CTA station by train, which took about nine hours, Swartz said jokingly “if you have nine hours to kill, I highly recommend it.” Riding the CTA may be an inconvenience to some Chicagoans, but for Swartz it is part of her commute to the Chicago Tribune Building where she’s stationed, and a wealth of entertainment and knowledge. “In my six-years working at the RedEye I feel I’ve really seen the everchanging state of the economy,” said Swartz. “It’s interesting to see the diversity of Chicago based on different areas of the city.” Some of the greatest reporters find unique or hidden stories, which are special to a particular newspaper or news outlet. Swartz did just that by canonizing homicides in Chicago. In fact, Swartz debated with the spokesperson from the Chicago Police Dept. when she reported that the total number of homicides in 2012 was the highest since 2008. Swartz tweeted that 513 homicides occurred and the CPD reported only 506 homicides. It turns out that the CPD “classified the deaths not as homicides even though the Medical Examiner’s Office
called them homicides,” said Swartz. “I decided to create a weekly column to cover the homicides,” said Swartz. “In four-years I have only had one week where there wasn’t a homicide to write about.” While working at the RedEye, Swartz has created an extensive database of all homicides reaching back six-years to 2007. Targeting ages 18 to 34-years-old, the RedEye and Swartz feel it’s important to cover homicides since most of the individuals involved are in that target age range. Swartz mentioned that students looking to intern in Chicago should apply to the various news outlets in Chicago. She said that Chicago is a great city and there are plenty of opportunities to find internships. Her final statement encapsulated the field of journalism. “Sometimes your work as a journalist really does inspire change,” said Swartz. “Sometimes it’s like you’re shouting from the roof tops.” It was a pleasure to speak with a knowledgeable, witty, and affable journalist. Swartz’s work can be found at the R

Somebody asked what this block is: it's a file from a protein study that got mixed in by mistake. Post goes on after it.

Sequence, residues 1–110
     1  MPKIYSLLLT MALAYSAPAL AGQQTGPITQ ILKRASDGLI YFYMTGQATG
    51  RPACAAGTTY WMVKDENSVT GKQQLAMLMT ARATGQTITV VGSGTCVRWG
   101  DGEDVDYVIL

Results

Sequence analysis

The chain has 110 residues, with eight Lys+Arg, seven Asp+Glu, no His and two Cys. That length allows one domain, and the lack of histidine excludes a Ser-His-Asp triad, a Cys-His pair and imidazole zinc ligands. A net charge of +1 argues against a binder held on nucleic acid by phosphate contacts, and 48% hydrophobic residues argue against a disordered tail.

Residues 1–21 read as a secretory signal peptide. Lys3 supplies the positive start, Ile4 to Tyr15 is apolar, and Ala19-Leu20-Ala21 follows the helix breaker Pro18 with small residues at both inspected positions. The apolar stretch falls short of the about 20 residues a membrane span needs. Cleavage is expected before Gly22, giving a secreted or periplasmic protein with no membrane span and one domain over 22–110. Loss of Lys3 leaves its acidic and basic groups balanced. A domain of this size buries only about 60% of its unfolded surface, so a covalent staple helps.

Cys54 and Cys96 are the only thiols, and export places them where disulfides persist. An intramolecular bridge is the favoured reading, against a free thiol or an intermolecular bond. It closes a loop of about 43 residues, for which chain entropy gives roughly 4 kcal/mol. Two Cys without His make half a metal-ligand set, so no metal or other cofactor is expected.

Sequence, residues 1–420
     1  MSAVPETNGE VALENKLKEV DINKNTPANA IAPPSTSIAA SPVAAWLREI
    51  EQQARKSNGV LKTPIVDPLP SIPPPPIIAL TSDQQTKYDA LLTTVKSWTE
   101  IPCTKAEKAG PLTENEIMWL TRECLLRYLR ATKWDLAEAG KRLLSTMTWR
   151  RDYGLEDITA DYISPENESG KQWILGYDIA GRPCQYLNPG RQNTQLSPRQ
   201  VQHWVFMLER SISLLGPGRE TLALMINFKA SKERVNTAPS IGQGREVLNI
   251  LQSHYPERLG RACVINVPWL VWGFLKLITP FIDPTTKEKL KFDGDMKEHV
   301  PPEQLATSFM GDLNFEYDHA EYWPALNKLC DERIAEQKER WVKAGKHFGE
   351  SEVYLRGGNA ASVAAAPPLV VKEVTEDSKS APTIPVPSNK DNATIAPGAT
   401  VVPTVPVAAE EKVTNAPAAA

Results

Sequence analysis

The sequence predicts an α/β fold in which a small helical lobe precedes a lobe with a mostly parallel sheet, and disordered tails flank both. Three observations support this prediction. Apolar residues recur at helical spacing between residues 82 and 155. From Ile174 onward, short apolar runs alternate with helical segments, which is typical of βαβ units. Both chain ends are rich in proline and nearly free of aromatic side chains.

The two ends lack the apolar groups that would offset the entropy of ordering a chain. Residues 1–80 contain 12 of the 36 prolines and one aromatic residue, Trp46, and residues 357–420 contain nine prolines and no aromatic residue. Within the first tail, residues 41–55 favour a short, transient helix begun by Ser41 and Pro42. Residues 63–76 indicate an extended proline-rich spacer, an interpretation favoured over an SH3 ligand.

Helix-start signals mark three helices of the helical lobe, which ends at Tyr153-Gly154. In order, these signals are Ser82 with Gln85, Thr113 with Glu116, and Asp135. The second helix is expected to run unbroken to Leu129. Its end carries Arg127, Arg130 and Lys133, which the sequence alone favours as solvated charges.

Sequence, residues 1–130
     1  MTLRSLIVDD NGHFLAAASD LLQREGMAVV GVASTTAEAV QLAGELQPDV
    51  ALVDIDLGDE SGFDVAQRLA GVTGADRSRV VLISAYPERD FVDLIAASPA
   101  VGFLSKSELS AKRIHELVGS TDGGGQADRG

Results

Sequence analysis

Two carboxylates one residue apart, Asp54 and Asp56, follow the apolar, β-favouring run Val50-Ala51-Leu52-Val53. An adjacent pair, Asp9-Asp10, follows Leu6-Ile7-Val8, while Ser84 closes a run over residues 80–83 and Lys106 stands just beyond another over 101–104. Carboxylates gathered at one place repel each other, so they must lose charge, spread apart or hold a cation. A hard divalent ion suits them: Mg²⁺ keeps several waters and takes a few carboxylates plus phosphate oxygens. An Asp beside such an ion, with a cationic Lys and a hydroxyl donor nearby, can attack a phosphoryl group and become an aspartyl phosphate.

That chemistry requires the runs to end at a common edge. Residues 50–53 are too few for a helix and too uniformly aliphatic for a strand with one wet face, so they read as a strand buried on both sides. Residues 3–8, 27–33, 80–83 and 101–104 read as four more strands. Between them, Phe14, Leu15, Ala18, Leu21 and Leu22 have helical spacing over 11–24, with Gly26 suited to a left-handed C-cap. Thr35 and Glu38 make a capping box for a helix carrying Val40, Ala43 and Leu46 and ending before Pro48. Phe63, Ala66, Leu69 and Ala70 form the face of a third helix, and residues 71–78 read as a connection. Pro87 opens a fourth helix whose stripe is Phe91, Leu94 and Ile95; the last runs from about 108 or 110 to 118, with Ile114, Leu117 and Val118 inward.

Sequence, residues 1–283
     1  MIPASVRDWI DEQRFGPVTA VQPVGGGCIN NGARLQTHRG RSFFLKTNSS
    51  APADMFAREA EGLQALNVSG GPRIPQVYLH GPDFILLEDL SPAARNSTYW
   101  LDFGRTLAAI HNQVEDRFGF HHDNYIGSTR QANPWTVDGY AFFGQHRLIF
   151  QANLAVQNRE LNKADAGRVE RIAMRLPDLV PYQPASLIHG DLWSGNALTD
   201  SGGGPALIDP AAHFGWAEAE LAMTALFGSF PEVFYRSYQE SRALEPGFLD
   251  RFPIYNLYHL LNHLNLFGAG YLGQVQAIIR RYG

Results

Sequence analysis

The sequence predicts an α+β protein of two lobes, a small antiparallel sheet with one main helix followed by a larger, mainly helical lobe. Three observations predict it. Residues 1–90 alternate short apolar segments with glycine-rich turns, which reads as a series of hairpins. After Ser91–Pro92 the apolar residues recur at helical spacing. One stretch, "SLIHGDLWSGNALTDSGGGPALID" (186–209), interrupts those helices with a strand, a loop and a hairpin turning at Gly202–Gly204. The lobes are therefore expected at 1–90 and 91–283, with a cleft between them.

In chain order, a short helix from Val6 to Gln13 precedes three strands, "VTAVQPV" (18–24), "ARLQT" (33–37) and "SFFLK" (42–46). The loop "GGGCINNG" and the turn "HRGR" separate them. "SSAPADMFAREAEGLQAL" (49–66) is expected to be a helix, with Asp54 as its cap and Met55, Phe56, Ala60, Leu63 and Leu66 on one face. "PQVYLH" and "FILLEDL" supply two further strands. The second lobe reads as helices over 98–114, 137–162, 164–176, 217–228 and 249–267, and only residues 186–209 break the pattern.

RedEye reporter, Tracy Swartz spoke to MVCC class about her life as a journalist. [Erica Sinnott] dEye’s website and in print. Her work has appeared in other publications such as New York Daily News, Chicago Sun-Times, Baltimore Sun, Minneapolis Star Tribune, Roll Call, and her data was used by New York Times. Kevin M. Coyne can be contacted at firstname.lastname@example.org.
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Fallon Sweeney Entertainment Editor email@example.com
Thodos Dancers revisit Chicago history By Fallon Sweeney Entertainment Editor The Columbian Exposition of 1893 was an inspiring yet horrifying time in American and Chicago history that has recently been made into a ballet by Thodos Dance Chicago. Thodos Dance Chicago company visited Moraine Valley’s library lounge to discuss their upcoming performance of “The White City: Chicago’s Columbian Exposition of 1893” at our Dorothy Menker Theater. They discussed the experience of turning “The Devil in the White City,” by Erik Larson, into a dance production. Melissa Thodos, founder, artistic director & co-choreographer of “The White City: Chicago’s Columbian Exposition of 1893,” spoke to audience members about the story behind the production, as well as the history that helped inspire such a story and characters (many which came from real life). As Thodos put it, “The reason my collaborator Ann Reinking and I chose this story is it’s a really special time in history for the city of Chicago and in